Oxford Internet Institute: ‘Gig Economy and Digital Outsourcing’ Research Group
The Oxford Internet Institute is a multidisciplinary research and teaching department of the University of Oxford, dedicated to the social science of the Internet.
The first focuses on the gig economy and digital outsourcing in Sub-Saharan Africa. They are attempting to understand the impacts of the ‘gig economy’ and digital outsourcing for workers, businesses, and virtual production networks in Sub-Saharan Africa. They do this by interviewing and surveying online freelancers, call/contact centre workers, and digital business owners in South Africa, Kenya, Nigeria, and Ghana. This will help us to better understand whether new digital practices taking root in Sub-Saharan Africa offer a significant departure from previous opportunities that have been available to people, or whether we are simply seeing new forms of exploitation now made possible by efficient communication technologies.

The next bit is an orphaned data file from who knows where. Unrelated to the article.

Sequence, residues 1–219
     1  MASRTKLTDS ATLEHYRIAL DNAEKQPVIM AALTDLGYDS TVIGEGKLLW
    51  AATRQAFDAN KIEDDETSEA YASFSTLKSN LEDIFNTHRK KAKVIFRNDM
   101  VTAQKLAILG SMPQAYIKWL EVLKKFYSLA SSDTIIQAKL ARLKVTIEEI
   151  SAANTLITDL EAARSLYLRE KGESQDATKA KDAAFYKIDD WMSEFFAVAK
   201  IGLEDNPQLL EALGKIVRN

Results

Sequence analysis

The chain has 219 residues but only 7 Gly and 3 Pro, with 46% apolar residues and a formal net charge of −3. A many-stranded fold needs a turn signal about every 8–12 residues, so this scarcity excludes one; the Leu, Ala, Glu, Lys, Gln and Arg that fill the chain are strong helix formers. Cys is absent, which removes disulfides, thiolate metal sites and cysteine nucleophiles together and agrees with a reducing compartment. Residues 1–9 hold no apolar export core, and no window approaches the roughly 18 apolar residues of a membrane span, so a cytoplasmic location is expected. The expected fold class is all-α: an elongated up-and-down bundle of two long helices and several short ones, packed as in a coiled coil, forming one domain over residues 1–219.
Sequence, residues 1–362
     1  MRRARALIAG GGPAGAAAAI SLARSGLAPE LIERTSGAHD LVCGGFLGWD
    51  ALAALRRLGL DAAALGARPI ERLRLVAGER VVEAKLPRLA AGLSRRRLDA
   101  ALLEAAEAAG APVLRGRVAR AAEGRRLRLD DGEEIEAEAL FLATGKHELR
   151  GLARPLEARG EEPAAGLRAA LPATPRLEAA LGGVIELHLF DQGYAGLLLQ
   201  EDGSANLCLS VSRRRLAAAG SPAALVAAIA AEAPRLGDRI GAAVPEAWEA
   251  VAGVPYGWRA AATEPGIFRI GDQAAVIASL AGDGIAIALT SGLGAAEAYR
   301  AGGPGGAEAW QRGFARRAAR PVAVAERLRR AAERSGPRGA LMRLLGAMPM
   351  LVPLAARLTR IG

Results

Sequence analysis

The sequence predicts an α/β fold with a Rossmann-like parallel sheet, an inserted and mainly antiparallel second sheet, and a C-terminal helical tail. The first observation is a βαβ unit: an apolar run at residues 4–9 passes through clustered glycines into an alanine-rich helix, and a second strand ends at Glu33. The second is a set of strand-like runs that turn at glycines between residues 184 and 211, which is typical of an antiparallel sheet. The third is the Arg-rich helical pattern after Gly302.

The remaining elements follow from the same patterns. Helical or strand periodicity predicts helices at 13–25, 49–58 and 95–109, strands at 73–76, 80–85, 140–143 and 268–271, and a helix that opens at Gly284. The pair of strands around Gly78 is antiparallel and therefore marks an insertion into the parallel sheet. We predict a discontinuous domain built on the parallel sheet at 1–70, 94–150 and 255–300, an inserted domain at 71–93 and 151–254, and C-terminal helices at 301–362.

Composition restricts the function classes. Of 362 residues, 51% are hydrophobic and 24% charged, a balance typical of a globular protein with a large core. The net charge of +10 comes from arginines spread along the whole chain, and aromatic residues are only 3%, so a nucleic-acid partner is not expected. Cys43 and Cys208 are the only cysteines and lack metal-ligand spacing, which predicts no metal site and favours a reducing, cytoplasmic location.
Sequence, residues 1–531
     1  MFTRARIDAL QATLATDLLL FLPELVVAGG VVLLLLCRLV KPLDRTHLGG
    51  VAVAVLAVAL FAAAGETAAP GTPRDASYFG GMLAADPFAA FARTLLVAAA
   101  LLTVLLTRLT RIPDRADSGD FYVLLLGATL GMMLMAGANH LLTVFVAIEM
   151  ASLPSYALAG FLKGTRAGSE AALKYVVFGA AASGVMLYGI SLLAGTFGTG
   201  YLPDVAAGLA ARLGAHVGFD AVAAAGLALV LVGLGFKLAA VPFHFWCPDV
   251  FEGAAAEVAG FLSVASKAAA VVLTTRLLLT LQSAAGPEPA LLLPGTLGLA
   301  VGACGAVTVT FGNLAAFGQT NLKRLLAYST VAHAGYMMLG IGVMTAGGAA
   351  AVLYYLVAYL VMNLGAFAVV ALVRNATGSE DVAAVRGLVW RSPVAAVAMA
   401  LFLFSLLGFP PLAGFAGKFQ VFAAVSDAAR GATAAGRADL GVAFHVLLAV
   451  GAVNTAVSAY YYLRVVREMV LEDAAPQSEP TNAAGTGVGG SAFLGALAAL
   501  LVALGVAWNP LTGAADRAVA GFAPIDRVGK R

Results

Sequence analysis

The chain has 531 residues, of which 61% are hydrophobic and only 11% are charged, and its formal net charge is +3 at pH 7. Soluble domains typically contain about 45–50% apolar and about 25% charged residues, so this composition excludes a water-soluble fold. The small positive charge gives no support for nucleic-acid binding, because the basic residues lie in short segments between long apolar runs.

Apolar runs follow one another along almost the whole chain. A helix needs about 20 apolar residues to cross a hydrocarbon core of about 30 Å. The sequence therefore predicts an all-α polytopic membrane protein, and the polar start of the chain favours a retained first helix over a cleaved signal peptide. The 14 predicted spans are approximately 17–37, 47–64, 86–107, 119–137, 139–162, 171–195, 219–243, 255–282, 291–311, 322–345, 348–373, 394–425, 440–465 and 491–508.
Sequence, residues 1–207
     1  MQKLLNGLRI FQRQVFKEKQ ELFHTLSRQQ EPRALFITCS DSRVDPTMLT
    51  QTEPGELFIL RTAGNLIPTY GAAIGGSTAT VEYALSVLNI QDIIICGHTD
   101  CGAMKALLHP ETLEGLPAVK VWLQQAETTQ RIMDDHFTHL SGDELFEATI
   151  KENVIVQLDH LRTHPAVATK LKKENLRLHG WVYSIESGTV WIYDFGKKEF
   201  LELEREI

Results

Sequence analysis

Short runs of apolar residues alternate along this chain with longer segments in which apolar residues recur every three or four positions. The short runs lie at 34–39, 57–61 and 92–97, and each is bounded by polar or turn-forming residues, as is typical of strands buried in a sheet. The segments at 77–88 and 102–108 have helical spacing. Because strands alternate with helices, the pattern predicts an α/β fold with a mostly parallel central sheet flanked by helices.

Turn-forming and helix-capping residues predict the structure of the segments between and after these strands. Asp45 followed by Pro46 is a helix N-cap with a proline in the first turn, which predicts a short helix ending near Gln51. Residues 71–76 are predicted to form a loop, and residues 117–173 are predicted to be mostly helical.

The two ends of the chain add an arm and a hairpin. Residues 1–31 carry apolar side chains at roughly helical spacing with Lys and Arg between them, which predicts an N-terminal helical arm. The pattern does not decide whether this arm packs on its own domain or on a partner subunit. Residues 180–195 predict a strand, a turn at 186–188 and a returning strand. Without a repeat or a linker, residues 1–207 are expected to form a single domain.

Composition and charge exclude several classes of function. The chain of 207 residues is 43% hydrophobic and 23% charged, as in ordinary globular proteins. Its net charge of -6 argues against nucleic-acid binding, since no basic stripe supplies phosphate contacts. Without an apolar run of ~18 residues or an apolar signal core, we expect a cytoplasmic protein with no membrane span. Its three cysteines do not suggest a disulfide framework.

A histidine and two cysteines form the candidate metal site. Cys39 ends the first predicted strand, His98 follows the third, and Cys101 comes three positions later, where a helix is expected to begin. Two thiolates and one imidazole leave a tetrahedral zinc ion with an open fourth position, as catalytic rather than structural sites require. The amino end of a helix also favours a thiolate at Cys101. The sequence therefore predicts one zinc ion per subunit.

The second focuses on online freelancing in Southeast Asia and Sub-Saharan Africa. The project specifically aims to understand the implications of online freelancing for economic development. Below are a few short publications written on the topic:
- Graham, M. and Wood, A. 2016. Why the digital gig economy needs co-ops and unions. openDemocracy. Sept 15, 2016
- Graham, M. 2016. Digital work marketplaces impose a new balance of power. New Internationalist.May 25, 2016
- Graham, M. 2016. Organising the Digital “Wild West”: Can Strategic Bottlenecks Help Prevent a Race to the Bottom for Online Workers? Union Solidarity International. May 11, 2016 (also translated into Turkish)
- Graham, M. 2016. Digital Work and the Global Precariat. Union Solidarity International. Mar 30, 2016
- Graham, M. 2015. Digital Work Signals a Global Race to the Bottom. SciDevNet Sept 15, 201